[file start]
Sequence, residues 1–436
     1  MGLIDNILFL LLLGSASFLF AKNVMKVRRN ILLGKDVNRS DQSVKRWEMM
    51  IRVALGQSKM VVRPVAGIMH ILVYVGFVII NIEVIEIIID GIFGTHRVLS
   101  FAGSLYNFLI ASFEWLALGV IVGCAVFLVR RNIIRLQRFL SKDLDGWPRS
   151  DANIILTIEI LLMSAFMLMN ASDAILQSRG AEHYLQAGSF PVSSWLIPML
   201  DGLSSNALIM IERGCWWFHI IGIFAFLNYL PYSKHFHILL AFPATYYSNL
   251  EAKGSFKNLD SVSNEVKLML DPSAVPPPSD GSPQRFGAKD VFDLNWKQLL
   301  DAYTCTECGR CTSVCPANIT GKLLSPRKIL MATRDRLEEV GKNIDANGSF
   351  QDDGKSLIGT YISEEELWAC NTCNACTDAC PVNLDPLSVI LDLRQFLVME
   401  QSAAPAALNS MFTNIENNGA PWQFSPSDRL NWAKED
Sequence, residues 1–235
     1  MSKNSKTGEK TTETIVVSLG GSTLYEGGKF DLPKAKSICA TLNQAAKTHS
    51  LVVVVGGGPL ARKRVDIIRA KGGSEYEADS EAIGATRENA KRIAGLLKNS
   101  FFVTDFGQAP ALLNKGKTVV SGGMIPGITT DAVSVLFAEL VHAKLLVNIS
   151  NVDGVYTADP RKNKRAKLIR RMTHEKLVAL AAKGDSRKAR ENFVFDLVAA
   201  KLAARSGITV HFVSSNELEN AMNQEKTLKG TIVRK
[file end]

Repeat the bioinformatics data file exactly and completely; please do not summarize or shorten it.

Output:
Sequence, residues 1–436
     1  MGLIDNILFL LLLGSASFLF AKNVMKVRRN ILLGKDVNRS DQSVKRWEMM
    51  IRVALGQSKM VVRPVAGIMH ILVYVGFVII NIEVIEIIID GIFGTHRVLS
   101  FAGSLYNFLI ASFEWLALGV IVGCAVFLVR RNIIRLQRFL SKDLDGWPRS
   151  DANIILTIEI LLMSAFMLMN ASDAILQSRG AEHYLQAGSF PVSSWLIPML
   201  DGLSSNALIM IERGCWWFHI IGIFAFLNYL PYSKHFHILL AFPATYYSNL
   251  EAKGSFKNLD SVSNEVKLML DPSAVPPPSD GSPQRFGAKD VFDLNWKQLL
   301  DAYTCTECGR CTSVCPANIT GKLLSPRKIL MATRDRLEEV GKNIDANGSF
   351  QDDGKSLIGT YISEEELWAC NTCNACTDAC PVNLDPLSVI LDLRQFLVME
   401  QSAAPAALNS MFTNIENNGA PWQFSPSDRL NWAKED
Sequence, residues 1–235
     1  MSKNSKTGEK TTETIVVSLG GSTLYEGGKF DLPKAKSICA TLNQAAKTHS
    51  LVVVVGGGPL ARKRVDIIRA KGGSEYEADS EAIGATRENA KRIAGLLKNS
   101  FFVTDFGQAP ALLNKGKTVV SGGMIPGITT DAVSVLFAEL VHAKLLVNIS
   151  NVDGVYTADP RKNKRAKLIR RMTHEKLVAL AAKGDSRKAR ENFVFDLVAA
   201  KLAARSGITV HFVSSNELEN AMNQEKTLKG TIVRK